Teaching Torah vs. Tochachah

Most outreach professionals teach Torah as the central part of their outreach efforts. The source for the mitzvah of teaching Torah to the unaffiliated is not the same as that for other

aspects of kiruv, such as inviting them for Shabbos. Determining the original source for these laws has practical ramifications. For example, there is a principle in the laws of tochachah that people who will not heed the message are better off remaining unaware transgressors than

knowing that they are sinning and doing so flagrantly. However, this principle certainly does not apply to teaching Torah. Thus, we may teach about Shabbos to a class of unaffiliated Jews even though we know that the students are not going to walk out of the class and start being Shabbos-observant.

Another illustration of this distinction can be seen in the case of a recent ba’al teshuvah. We know that it is in his best interest not to take on the observance of all the mitzvos at once. However, is it permissible to advise him to abstain from practicing a mitzvah now in the interests of ensuring that his long-term spiritual growth will be sustainable? Although there are many facets to this issue, at least one opinion contends that this clash of our obligation toward a person’s short-term growth versus his long-term growth is a clash between our obligation of tochachah and our duty to teach Torah. Tochachah aims for immediate behavioral change, whereas Torah study aspires for longer-term growth.

Since there is a principle that Torah study ranks supreme among the mitzvos, we favor the long-term growth over the unsustainable short-term change. In Chapter XIII, Section I, we will address the issue of whether one can fulfill the mitzvah of tochachah without producing any behavioral change in the recipient. This issue certainly does not arise in teaching Torah. Every word of Torah has intrinsic value even if it is not always obvious to us.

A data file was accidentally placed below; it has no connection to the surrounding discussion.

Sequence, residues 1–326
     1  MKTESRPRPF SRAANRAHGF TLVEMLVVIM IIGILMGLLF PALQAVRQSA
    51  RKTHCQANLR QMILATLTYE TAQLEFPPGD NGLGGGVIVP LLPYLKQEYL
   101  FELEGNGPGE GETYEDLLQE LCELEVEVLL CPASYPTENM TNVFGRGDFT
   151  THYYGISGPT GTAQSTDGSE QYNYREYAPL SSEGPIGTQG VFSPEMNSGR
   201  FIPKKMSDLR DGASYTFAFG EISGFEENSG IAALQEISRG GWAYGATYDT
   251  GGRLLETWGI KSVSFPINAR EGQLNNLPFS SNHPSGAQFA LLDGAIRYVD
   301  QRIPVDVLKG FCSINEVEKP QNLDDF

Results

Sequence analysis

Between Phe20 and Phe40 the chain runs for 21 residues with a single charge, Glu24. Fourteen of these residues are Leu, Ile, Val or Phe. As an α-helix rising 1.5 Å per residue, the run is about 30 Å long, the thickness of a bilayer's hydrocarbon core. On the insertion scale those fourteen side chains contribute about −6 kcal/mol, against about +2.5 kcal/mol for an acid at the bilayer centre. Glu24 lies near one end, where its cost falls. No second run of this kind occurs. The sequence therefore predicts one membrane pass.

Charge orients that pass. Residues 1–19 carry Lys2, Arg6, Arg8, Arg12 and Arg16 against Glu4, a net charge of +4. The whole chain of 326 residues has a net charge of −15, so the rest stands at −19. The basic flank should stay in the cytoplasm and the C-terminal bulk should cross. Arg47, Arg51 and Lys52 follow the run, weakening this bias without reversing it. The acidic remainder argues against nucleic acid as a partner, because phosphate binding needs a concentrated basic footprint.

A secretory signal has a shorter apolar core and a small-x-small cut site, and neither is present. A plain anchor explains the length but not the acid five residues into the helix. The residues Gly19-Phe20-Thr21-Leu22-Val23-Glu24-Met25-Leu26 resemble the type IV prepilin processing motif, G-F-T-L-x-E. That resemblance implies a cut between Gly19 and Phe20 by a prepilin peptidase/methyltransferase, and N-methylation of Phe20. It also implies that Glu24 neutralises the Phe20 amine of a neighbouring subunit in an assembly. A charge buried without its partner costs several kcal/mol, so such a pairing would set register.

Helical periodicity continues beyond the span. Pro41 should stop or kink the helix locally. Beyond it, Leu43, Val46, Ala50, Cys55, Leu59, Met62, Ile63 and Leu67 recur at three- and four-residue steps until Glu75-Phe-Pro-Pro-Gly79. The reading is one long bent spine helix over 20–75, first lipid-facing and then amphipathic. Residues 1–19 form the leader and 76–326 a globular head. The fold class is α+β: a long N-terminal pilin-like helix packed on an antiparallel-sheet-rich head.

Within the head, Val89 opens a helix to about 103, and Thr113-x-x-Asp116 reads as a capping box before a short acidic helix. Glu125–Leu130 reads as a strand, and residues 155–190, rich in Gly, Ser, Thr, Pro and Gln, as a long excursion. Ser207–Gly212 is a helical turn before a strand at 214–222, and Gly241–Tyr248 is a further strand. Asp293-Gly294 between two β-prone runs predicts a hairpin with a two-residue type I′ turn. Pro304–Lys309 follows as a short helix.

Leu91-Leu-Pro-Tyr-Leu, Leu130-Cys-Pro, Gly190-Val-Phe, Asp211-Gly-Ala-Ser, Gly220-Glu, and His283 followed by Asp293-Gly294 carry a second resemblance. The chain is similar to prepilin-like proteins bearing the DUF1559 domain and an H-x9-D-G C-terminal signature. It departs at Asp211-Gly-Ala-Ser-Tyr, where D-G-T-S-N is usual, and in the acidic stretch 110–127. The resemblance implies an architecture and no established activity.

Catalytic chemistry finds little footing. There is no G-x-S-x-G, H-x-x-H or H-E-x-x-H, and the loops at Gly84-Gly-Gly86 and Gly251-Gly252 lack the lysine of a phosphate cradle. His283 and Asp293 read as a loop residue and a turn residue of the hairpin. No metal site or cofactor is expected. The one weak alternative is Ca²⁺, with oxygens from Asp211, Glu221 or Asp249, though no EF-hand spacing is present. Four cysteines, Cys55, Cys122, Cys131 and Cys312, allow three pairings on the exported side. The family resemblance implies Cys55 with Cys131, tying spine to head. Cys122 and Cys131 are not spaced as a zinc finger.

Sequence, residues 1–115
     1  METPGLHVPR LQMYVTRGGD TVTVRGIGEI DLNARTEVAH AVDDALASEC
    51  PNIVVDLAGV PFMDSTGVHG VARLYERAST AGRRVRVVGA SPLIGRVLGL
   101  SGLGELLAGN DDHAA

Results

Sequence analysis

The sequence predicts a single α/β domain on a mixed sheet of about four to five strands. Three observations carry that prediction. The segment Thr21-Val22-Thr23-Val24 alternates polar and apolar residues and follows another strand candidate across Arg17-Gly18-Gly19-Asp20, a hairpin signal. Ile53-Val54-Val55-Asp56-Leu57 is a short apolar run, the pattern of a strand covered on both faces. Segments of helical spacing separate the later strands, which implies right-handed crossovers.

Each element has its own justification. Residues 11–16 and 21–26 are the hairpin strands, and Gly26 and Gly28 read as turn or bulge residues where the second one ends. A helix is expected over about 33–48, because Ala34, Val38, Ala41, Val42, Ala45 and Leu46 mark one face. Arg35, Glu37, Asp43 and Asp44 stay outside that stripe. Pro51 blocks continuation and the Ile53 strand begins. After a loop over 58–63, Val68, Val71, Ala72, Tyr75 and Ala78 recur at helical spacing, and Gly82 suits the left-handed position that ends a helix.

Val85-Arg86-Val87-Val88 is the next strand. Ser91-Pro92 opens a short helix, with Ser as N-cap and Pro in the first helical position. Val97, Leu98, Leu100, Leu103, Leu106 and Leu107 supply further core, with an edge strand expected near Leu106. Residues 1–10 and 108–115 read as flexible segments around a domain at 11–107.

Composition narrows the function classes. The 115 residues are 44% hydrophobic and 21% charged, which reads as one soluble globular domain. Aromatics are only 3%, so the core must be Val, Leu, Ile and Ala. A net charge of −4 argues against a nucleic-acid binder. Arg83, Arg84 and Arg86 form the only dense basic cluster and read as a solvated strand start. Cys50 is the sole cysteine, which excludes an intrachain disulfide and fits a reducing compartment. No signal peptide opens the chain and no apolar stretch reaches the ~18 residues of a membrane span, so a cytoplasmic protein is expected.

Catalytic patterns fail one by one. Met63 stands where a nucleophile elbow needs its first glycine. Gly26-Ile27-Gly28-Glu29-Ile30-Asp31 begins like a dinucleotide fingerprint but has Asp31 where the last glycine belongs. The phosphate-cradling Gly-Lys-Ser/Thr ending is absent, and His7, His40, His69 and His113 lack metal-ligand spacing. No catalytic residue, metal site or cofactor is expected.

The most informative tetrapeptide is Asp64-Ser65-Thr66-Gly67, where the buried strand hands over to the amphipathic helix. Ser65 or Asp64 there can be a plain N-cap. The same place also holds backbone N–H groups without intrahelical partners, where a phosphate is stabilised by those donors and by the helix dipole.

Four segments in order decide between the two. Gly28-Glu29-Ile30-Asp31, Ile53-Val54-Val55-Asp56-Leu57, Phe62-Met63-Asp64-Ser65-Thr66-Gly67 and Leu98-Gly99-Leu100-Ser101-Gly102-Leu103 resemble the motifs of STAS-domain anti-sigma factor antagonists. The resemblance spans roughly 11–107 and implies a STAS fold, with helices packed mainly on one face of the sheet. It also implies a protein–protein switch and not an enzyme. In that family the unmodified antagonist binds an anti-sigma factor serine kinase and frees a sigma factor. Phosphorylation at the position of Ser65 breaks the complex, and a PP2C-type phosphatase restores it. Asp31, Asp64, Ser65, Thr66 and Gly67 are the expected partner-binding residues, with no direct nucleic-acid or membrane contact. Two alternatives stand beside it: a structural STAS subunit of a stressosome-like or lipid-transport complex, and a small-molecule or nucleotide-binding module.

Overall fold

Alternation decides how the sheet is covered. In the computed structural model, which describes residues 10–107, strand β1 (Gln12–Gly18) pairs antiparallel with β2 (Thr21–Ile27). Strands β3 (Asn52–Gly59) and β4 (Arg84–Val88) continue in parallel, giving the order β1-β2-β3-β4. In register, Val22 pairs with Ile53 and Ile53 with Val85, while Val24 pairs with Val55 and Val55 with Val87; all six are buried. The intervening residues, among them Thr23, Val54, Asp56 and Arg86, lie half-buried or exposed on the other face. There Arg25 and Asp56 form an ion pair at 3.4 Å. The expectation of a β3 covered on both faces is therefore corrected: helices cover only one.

Please click here to continue reading Chapter X: Teaching Torah

Please click here to purchase a copy of the Laws of Outreach.


Please refer to the archives below for the previously published chapters of the Laws of Outreach:

Preface to The Laws of Outreach

Chapter I: The Mitzvos of Kiruv

Chapter II: Kiruv as a Rescue Mission

Chapter III: Categories of Transgressors and Our Obligations Toward Them

Chapter IV:  Contemporary Non-Observant Jews

Chapter V: Halachic Applications of Tinokos Shenishbu in our Time

Chapter VI: Lifnei Iver

Chapter VII: Invitations for Shabbos

Chapter VIII: Kiruv Through Food

Chapter IX: Marriage



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